SANTA CLARA — This Sunday, the 49ers will play the team they aspire to become — the Philadelphia Eagles.
The Eagles are elite. They’re 6-1, which is the best record in the NFL. But they were middle of the road the past two seasons. They won seven games in 2015 and seven games in 2016. What were the key components of their rapid ascension, and how can the 49ers learn from their example?
“I think they stuck with their plan,” 49ers head coach Kyle Shanahan said on Wednesday. “I think they hit pretty well on some draft picks. They’ve been able to stay healthy. The veteran players that they’ve had there, they kept and they’ve continued to perform.”
Call that the rough outline. Eagles head coach Doug Pederson will provide the details. Pederson is in his second season as the Eagles head coach, so he’s relatively inexperienced, and he’s a former offensive coordinator. He and Shanahan have those things in common.
“With us, it starts right down the middle,” Pederson said on a conference call Wednesday morning. “We started with (defensive tackle) Fletcher Cox a few years ago. We were here when we drafted Fletcher.
“(Defensive tackle) Tim Jernigan was a free agent we picked up. And then Jordan Hicks who, prior to his injury, was a solid Mike linebacker. And then you build right down the middle with two safeties.”
Peterson was describing how the Eagles built their defense. The 49ers are building their defense the same way — from inside out.
They drafted defensive tackle DeForest Buckner in 2016. He’s the best player on the team. They also drafted middle linebacker Reuben Foster this year, spent a first-round pick on free safety Jimmie Ward in 2014 and a second-round pick on strong safety Jaquiski Tartt in 2015. The 49ers seem to be following the Eagles’ blueprint on defense.
What about on offense? How much emphasis did the Eagles place on building their offensive line?
“It’s very important,” Pederson said. “A year ago, we picked up Brandon Brooks and Stefen Wisniewski, and we drafted Isaac (Seumalo) and Big V (Halapoulivaati Vaitai). You have to begin there and start with that foundation.
“We had two bookend tackles — (left tackle) Jason Peters obviously as an All-Pro, and (right tackle) Lane (Johnson) is definitely capable and has shown great strides this year. It starts there. And then with (center) Jason Kelce in the middle, the great communication he has.”
Like Pederson, Shanahan inherited quality offensive tackles — Joe Staley and Trent Brown. Shanahan also inherited a veteran center — Daniel Kilgore. But Kilgore has never been to a Pro Bowl. Jason Kelce has been to two.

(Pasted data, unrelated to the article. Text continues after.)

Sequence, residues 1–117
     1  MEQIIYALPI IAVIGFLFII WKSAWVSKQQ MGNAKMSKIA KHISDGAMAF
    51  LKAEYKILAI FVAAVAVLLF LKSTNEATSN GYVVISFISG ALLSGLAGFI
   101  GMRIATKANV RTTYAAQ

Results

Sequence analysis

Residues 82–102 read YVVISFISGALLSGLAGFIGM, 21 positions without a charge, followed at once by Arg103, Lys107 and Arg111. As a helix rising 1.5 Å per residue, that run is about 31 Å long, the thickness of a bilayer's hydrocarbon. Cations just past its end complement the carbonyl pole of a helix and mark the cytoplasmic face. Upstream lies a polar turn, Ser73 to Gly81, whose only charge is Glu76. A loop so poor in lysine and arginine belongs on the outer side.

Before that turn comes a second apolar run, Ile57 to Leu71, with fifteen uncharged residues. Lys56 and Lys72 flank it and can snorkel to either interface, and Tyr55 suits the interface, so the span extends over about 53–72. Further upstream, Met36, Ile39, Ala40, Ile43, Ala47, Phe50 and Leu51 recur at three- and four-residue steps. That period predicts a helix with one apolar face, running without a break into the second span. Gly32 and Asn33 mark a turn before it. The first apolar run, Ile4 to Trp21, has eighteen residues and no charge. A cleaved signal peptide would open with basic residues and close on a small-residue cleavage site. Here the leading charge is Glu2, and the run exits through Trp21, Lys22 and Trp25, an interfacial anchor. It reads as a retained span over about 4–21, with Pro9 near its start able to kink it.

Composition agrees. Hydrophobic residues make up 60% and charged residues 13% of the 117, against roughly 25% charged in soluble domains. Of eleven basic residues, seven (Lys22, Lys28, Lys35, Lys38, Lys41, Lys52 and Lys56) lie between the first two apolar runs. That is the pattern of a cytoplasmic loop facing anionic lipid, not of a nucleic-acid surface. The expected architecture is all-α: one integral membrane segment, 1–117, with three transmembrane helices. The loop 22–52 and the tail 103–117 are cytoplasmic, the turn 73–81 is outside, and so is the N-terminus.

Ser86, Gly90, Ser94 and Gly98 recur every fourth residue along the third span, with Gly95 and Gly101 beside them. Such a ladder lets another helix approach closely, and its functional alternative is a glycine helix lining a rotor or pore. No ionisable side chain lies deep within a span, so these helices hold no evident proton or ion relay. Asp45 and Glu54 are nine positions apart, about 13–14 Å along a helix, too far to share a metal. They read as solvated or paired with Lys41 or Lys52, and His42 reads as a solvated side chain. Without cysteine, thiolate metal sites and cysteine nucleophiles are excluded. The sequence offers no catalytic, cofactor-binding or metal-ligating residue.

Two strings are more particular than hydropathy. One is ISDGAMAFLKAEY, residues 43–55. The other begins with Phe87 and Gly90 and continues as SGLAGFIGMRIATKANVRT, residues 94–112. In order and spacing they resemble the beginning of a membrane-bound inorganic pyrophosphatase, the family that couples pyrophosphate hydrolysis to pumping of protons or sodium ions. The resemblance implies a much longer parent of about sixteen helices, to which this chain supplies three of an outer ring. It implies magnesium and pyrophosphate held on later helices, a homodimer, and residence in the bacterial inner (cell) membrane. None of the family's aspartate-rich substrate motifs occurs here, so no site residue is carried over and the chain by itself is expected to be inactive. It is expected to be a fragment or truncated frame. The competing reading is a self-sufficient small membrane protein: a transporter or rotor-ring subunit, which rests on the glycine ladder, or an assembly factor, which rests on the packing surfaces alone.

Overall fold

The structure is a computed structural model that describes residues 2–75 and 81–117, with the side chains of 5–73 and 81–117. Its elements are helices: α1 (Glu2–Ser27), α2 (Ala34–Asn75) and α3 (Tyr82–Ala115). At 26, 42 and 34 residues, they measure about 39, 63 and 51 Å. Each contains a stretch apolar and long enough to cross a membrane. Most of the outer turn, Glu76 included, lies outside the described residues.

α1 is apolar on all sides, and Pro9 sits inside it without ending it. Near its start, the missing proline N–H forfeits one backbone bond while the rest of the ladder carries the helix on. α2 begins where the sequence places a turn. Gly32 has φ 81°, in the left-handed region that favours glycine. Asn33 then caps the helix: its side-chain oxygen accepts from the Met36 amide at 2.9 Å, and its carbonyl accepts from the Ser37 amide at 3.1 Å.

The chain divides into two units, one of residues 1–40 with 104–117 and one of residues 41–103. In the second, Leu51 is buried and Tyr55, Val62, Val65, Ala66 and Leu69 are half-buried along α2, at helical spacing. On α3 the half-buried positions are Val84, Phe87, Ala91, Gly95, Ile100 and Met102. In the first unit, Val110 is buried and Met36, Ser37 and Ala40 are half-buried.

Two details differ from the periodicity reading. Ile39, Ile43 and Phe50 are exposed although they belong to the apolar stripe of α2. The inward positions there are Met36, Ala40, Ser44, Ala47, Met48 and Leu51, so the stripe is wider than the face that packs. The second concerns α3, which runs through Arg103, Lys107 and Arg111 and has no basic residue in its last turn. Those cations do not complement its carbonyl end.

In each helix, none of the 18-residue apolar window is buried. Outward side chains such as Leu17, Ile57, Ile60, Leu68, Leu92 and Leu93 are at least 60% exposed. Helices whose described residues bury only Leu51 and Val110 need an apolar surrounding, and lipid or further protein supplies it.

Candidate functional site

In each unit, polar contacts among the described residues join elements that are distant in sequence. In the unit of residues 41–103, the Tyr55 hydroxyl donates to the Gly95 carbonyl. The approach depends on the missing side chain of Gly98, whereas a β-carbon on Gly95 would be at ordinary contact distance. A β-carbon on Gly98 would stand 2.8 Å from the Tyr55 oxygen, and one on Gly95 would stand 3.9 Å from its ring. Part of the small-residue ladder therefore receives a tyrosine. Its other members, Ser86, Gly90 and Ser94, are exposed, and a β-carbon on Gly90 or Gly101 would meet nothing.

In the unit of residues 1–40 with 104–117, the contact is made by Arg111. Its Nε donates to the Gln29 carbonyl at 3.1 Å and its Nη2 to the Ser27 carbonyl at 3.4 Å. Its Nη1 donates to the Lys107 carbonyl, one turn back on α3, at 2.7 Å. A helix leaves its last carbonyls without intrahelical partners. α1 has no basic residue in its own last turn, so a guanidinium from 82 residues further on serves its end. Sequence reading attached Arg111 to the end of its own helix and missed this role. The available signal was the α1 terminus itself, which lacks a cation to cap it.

The biggest difference between the Eagles’ and 49ers’ offensive lines is the guards. The Eagles are paying Brandon Brooks $7.2 million this year and they have him under contract through 2020. He is part of their foundation.
The 49ers are paying their starting guards — Laken Tomlinson and Brandon Fusco — $2.6 million combined for 2017. Fusco will be a free agent after this season and Tomlinson will be a free agent after next season. Both may be placeholders until the 49ers find needed upgrades.
To match the Eagles in developing a roster, the main position the 49ers have to upgrade is their quarterback. The 49ers have rookie C.J. Beathard, who’s trying to prove he’s the franchise guy. The Eagles have second-year quarterback Carson Wentz, who is their franchise guy. He’s the fourth-highest-rated passer in the NFL.
“Carson, he was going to be our third quarterback a year ago behind Sam (Bradford) and Chase Daniel,” Pederson said. “But (Wentz) was put into the starting role obviously with the (Bradford) trade.
“Then, (Wentz) became part of the leadership group. I think he’s one that continues to get better each week. I wouldn’t say he’s the cherry on top but, as everybody knows in this league, you’ve got to have a quarterback to give yourself a chance.”
What does Pederson think the 49ers have to do to give themselves a chance?
“It’s about acquiring talent,” Pederson said. “In the offseason moving forward they will address that and continue to add the talent they need on that roster. I believe there are seven first-round picks on that roster right now (actually, there are 10), so they’re beginning that. They’re young players and they’re going to get better with time. The more they’re in their system and learn their offensive and defensive schemes, they’re going to get better over time.
“They just have to trust their plan, stick to it, be patient. You can’t do it overnight because we’re limited to the amount of draft picks we get each spring and undrafted free agents. And the cap — we’re up against that sometimes, too. Patience is a virtue. But at the same time, it’s about winning football games in this league.”